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Charlie Parker (1920 - 1955)
Lifespan: 1920 - 1955
Related: black music - bebop - Beat Generation - hipster - jazz
Charles Parker, Jr (August 29, 1920 - March 12, 1955) was a jazz saxophonist and composer. Early in his career Parker was dubbed Yardbird; this was later shortened to Bird and remained Parker's nickname for the rest of his life.
Parker is commonly considered one of the greatest jazz musicians, ranked alongside Louis Armstrong, Duke Ellington, Miles Davis, and a handfull of others in terms of influence and impact. Parker is widely ranked as one of the best saxophonists; critic Scott Yanow speaks for many jazz fans and musicians when he suggests that "Parker was arguably the greatest saxophonist of all time."
A founding figure of bebop, Parker's innovative approach to melody, rhythm and harmony have exerted an incalculable influence on jazz. Several of Parker's songs have become standards of the repertoire, and many musicians have studied Parker's music and absorbed elements of his style.
Parker became an icon for the Beat generation, and was a pivotal figure in the evolving conception of the jazz musician as an uncompromising artist and intellectual, rather than just a popular entertainer. At various times, Parker fused jazz with other musical styles, from classical (seeking to study with Edgard Varese and Stefan Wolpe) to Latin music (recordings with Machito), blazing paths followed later by others. --http://en.wikipedia.org/wiki/Charlie_Parker [May 2005]
Parker was also a notorious drug addict. As a teenager, he developed a morphine addiction while in hospital after an automobile accident, and subsequently became addicted to heroin, which was to plague him throughout his life and ultimately kill him. Parker's addiction unfortunately created the impression (at least to some) that his musical genius was somehow related to his drug use. For about a decade following Parker's death, jazz was closely associated with narcotics, and many musicians began using drugs, partly in imitation of their musical idol.
Although he produced some valuable recordings during this period, Parker's behavior became increasingly erratic. Heroin was difficult to obtain after his dealer was arrested, and Parker began to drink heavily to compensate for this. A recording of "Lover Man" for the Dial label from July 29, 1946 provides evidence of his condition. Reportedly, Parker could barely stand during the session and had to be physically supported by others in order to keep him positioned properly against the microphone. The record, though barely competent and maybe the worst of his career, illustrates how the man's genius tried desperately to come out through his agony. Parker never forgave his producer for releasing the sub-par record (and re-recorded the tune in 1953 for Verve, this time in stellar form), but it remains an invaluable testimony to a part of his career.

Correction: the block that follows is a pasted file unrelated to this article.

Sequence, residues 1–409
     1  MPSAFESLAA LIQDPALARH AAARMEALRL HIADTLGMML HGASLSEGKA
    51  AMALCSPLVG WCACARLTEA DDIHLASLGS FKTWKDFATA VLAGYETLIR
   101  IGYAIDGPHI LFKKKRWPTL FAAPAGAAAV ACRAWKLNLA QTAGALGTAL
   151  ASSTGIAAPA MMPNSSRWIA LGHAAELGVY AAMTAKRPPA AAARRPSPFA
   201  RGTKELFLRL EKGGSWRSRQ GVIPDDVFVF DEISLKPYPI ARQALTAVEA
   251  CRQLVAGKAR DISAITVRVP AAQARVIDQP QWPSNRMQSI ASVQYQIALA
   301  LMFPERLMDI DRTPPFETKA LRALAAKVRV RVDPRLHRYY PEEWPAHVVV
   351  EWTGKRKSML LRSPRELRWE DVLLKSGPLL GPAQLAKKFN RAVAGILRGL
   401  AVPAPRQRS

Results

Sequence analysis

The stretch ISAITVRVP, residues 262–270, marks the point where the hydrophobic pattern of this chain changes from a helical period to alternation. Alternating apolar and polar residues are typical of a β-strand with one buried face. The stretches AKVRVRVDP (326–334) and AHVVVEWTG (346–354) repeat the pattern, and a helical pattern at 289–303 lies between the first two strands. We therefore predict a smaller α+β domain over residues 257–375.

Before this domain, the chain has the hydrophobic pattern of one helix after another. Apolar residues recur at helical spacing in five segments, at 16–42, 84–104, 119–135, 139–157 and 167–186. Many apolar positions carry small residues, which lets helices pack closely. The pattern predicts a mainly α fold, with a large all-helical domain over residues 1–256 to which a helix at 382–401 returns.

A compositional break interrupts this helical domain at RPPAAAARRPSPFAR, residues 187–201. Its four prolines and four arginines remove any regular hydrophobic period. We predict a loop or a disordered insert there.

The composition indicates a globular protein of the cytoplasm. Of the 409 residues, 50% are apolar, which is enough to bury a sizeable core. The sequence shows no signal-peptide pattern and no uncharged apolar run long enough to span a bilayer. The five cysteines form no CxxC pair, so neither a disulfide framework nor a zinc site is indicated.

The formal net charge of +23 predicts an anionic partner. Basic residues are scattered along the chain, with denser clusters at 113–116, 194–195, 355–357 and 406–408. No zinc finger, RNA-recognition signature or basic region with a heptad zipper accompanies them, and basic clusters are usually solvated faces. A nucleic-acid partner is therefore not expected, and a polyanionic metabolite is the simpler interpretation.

A few days after the "Lover Man" session, Parker was drinking in his hotel room when he set fire to his mattress with a cigarette, then ran through the hotel lobby wearing only his socks. He was arrested and committed to Camarillo State Hospital, where he remained for six months.
Coming out of the hospital, Parker was clean and healthy, and proceeded to do some of the best playing and recording of his career. He returned to New York and recorded dozens of sides for the Dial and Savoy labels (including "Relaxin' at Camarillo," in reference to his hospital stay) that remain one of the high points of his recorded output.
Parker died while watching Tommy Dorsey on television in the suite at the Hotel Stanhope belonging to his friend and patroness Nica de Koenigswarter. Parker's heroin addiction ultimately caused his death at the age of 34, after a lifetime of abuse (though the official cause of death was a bleeding ulcer and pneumonia). The coroner mistakenly estimated Parker's age to be between 50 and 60.
Parker left a widow, Chan. --http://en.wikipedia.org/wiki/Charlie_Parker#Bebop [May 2005]
inspired by Cool Rules: Anatomy of an Attitude (2000) - Dick Pountain, David Robins [Amazon.com] [FR] [DE] [UK]
see also: cool - jazz - heroin
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